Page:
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Sea hunters’ school in Chukotka begins practice classes

In April, the district authorities supported an application from the school organizers and allocated 1.2 million rubles ($17,000) for the program’s further development

TASS, July 17. First practice classes were organized in Chukotka’s school of Young Sea Hunters. The classes were organized at ethnic villages - Inchoun and Uelen - on the Arctic Ocean. Kids between 9 and 13 years of age together with teachers learn how to hunt and butcher sea animals, how to cook national dishes and forecast the weather, the school’s teacher Evgeny SivSiv told TASS.

The Young Sea Hunter project continues for a few years. However, until now, the locals have organized classes and equipped children at their own expense. In April, the district authorities supported an application from the school organizers and allocated 1.2 million rubles ($17,000) for the program’s further development.

"We have been training children for quite a time, and this year we have received a subsidy - more than one million rubles to buy equipment, water-proof warm outfit for the kids, tents, dishes, instruments. The financing is for five years, but we have already bought everything necessary - we shall use everything carefully, so that to use it also in coming seasons," SivSiv said. "Our task is to teach children and teenagers the hunting skills of Chukotka’s low-numbered indigenous peoples and to preserve continuity of generations. This year, the weather is favorable and five days a week we have practice classes on the ocean coast next to teams of professional hunters."

Hunting sea animals in Chukotka is not for fun, it is a most important component of the indigenous peoples’ life. The animals’ meat and fat are traditional food for the Eskimos and Chukchi - the ancient sea hunters, the region’s official supervising indigenous peoples Valentina Dolganskaya told TASS.

"Professional sea hunters - residents of coastal villages, hunt grey, bowhead, beluga whales, walruses, ringed seal and bearded seal," she said. "Hunting bowhead whale, which is on the Red Data Book, is permitted only for Chukotka’s indigenous peoples and exclusively for personal consumption. All sea animal hunting at the national villages is for food of the indigenous peoples and for their everyday needs and ethnic crafts."

School on the edge of mainland

First pupils, who have joined the sea hunting school in 2020, were 15 children from Uelan and Inchoun villages, including two girls. The girls will make traditional knives for women, pekulya, which the locals use to butcher meat. They have cooked bearded seal and treated the dish to people who live in far-away villages.

"It’s my second year here, and my favorite class is shooting. Evgeny Borisovich (SivSiv) says I am doing well. My uncle is the region’s two-time champion in dog sledding, while I prefer hunting sea animals. I haven’t decided what I shall do later, but I think these skills would be handy. This is how our ancestors lived, and they survived only thanks to the ocean," the school’s student Ilya Poyagirdin, 10 years of age, told TASS.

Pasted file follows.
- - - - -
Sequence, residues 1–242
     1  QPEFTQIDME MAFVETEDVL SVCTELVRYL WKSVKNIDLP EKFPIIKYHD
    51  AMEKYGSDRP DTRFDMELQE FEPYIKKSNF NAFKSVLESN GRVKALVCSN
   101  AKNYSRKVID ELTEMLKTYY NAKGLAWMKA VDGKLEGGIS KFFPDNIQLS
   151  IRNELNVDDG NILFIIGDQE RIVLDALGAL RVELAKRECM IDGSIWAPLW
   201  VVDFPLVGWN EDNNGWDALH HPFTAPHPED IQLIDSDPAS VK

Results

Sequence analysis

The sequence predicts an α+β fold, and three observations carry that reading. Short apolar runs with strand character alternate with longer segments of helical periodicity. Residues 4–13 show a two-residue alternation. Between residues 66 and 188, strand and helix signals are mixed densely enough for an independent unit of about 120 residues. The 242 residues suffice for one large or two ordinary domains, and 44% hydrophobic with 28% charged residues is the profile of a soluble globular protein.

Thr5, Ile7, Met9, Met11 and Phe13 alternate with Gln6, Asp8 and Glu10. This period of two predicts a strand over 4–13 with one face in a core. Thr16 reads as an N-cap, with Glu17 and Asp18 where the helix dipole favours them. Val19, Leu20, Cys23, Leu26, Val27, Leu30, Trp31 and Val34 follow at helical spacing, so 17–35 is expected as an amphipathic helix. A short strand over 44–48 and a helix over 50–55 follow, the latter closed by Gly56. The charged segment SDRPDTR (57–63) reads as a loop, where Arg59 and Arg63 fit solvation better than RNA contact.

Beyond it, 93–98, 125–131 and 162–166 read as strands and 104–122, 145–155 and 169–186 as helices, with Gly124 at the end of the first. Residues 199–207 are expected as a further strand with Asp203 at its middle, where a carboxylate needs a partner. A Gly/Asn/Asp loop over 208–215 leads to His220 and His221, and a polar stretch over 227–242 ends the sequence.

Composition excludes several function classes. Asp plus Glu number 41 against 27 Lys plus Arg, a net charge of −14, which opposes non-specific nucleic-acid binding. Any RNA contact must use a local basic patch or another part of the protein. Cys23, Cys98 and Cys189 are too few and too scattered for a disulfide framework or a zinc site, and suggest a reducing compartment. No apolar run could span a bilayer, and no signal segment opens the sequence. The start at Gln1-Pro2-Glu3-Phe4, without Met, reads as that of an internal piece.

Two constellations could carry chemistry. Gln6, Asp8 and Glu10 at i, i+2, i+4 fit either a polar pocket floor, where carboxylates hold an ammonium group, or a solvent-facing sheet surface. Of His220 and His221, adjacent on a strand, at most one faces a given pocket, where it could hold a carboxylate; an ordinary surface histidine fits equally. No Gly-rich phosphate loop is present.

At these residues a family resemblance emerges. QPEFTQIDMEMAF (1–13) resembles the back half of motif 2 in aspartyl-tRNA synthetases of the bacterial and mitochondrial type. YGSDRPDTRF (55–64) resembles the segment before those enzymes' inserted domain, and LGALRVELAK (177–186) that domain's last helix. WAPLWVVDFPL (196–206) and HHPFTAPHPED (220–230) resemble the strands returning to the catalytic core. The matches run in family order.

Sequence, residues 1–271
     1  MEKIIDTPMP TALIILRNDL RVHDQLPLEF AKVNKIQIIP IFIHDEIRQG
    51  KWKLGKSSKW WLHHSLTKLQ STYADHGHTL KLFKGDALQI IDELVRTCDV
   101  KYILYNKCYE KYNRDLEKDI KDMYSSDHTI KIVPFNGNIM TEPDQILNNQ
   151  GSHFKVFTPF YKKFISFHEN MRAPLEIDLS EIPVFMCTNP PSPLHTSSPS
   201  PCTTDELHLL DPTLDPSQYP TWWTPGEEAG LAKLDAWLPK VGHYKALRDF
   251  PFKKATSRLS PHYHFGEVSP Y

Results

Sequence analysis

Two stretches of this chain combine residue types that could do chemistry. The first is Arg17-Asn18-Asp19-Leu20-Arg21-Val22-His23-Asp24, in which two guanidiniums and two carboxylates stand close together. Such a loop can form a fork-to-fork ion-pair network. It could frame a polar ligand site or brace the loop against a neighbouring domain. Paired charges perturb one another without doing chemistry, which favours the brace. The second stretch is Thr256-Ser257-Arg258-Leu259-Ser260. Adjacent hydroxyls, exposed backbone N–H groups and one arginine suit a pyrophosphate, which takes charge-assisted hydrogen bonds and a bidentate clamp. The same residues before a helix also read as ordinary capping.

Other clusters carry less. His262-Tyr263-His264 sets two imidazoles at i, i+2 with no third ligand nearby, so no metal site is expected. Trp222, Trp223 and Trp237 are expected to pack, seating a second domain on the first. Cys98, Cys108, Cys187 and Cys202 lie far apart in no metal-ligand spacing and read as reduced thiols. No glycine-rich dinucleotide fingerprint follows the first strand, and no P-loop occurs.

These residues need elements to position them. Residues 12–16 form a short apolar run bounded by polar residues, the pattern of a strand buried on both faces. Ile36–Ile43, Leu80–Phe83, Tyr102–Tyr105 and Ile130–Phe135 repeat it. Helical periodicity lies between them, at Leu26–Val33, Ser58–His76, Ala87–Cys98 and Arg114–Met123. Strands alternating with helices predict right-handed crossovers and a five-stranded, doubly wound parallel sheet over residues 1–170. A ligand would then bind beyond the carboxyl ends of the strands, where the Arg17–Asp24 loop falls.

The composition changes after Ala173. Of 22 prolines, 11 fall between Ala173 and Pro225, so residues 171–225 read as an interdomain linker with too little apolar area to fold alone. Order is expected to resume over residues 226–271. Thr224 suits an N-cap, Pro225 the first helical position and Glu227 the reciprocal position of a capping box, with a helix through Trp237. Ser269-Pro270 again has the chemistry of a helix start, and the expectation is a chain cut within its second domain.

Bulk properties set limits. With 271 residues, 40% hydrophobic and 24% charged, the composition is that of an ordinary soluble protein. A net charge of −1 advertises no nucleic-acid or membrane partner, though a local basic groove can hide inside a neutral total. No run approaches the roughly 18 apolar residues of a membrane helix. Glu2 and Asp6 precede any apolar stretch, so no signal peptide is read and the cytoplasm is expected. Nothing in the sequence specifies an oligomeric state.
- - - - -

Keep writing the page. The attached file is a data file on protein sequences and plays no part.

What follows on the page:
SivSiv told us, teaching how to hunt whales is not the only objective of this educational project.

"We want our children to remember where they come from. Clearly, nowadays good clothes and footwear are not a problem, but girls should know how to skin, how to make something of this skin - this skill would be very useful. Here, in Chukotka, there are people who make of skin and fur fashionable outfits, and they have orders months to go," he said.

Before late August, the students will make equipment for hunters, will forecast weather, and will watch birds and animals. "We understand, not all of them in future will become professional hunters, but they all, living here, need to know how to survive in the Arctic conditions," the teacher said.


How to remember the origin

The students spend time in the coastal area, they shoot at targets, light fires, learn how to set up a tent, navigate the terrain and survive in extreme conditions, including when meeting a wild animal. They spend much time at workout facilities.

"When the boys were butchering a walrus, the seven year-olds begged to join us. But I understand - for safety reasons we cannot take small children. They should grow up first. The project’s term is five years, and later on, if we manage, we shall continue it. At the season’s end, we shall award the best, will give presents to them, and will expect them back next year. Clearly, young people from far-away villages prefer to move closer to cities, but we want them to keep memories about childhood, and to make sure they will survive on the mainland," SivSiv said.

Chukotka’s authorities have registered 68 NGOs, representing the North’s low-numbered indigenous peoples, where 60 are local communities, and nine of those are in sea animal hunting. Sea animal hunting and breeding deer are the only ethnic sectors in the region’s agriculture, where the indigenous peoples work. About 300 professional sea animal hunters live in the region.